I tell myself this every day

I tell myself this every day

Thursday, January 19, 2017

Taking a break

After 6 months of medication complications and instability I have been left weak. Bipolar disorder isn't just being moody, it's losing control over what you feel at any given moment with long bouts of negative feelings and states of mind. It wears you down and getting proper help is just as difficult as surviving the dark places your brain takes you to. The doctor and nurse practitioner I have been working with over the past 6 months has been detrimental to my health. They gave me very bad medical advice and did not handle my prescription drugs in a safe and responsible manner. For this I have suffered more than has been necessary. For this I'm the one rendered almost incapable yet have to pick up all the pieces. I've decided an inpatient stay is what it has come to, unfortunately. I wouldn't have had to go this route if I hadn't been terminated from my job the way I was. That silly little bike shop job was 1/3 of my happiness in what had become a daily struggle to survive.

Because of the physical side effects of the medication complications I couldn't ride, which is a pretty big hit to my mental state in itself. I didn't have a choice- the withdrawals had my whole body shaking and the lithium had me off balanced with hand tremors. I was a danger to myself and others if I hopped on a bike, so I didn't. What kept me going was knowing that once everything settled I could then figure out how to get back on the bike. But in the meantime I had a way to fulfill that part of my life- working at the bike shop.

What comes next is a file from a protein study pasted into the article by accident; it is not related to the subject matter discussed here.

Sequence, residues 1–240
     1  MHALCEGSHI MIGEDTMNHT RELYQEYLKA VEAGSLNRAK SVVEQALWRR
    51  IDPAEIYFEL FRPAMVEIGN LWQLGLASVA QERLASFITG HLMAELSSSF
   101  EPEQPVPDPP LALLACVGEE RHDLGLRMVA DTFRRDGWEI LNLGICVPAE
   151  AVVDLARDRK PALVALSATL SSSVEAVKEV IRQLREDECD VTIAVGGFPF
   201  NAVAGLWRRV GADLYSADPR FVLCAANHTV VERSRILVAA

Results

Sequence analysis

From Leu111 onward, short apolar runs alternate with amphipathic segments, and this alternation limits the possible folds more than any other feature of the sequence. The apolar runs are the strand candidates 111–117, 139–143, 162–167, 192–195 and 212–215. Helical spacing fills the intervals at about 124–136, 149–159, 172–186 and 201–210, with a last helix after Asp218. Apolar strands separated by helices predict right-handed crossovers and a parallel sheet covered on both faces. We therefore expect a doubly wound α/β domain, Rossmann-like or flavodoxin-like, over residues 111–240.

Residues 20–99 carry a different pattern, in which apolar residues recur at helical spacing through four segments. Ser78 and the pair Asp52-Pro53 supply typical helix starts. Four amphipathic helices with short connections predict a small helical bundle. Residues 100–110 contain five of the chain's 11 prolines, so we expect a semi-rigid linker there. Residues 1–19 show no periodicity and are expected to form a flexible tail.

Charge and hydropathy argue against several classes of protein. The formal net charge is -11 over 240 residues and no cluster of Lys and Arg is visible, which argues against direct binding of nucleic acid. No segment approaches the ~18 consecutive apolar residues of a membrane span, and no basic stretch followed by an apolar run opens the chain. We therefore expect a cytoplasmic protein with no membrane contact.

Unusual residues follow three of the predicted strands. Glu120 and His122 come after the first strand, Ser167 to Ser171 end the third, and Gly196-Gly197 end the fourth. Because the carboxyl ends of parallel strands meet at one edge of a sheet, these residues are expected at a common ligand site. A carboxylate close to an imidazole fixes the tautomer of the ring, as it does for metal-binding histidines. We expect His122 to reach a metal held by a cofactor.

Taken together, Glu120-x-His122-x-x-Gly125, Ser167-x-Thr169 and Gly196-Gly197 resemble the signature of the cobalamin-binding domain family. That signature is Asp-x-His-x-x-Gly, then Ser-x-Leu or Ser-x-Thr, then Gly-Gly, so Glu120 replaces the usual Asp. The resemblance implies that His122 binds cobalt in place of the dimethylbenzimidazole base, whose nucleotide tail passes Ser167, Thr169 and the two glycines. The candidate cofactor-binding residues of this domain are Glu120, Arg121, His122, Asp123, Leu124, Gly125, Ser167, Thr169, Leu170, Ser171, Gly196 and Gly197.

It sounds so stupid but my brain craves bike life. Riding, talking about it, being a part of it. It's some sort of sick weirdo thing I have but it's just part of who I am and I've come to accept it. There are worse things to be obsessed with, so I've heard.

I don't think I can express how much I not only love riding but how balls deep I am in love with the sport itself. What I gained from working in a shop was the fact that I thrive off of getting people up and out riding. I live for getting people pumped about cycling- from the little old lady who wants to cruise a quarter of a mile comfortably down the street, to getting people set up for their first Iron Man- everyone counts the same for me. You want to ride a bike? Well, you're my new favorite person. I didn't care if you took 30 minutes or 8 hours of my time. I didn't care if you were spending $200 or $10,000- you were going to get my best. I didn't work on commission so my payout each time was the level of their satisfaction and enthusiasm. You only get enthusiasm from a "customer" when you're selling people exactly what they need and not just what you can get them to pay the most for. I loved every minute of it.

I also hate using the word "customer" when talking about people who came into the shop. A customer is someone who buys something from you and is a much more sterile type of interaction. "Good day, sir. How may I help you?" That's what you say to a "customer." When I see you out riding on the same road or trails as me, or riding in an event with me, you're not a customer. You're part of the community. If I have to solve issues that deal with chafed or numb genitals (and guess what 99% of people have?) then I'm not just another sales person and you're not just a customer. 

Most people don't trust you to solve their testicular area disaster unless you're a doctor or a bike shop employee.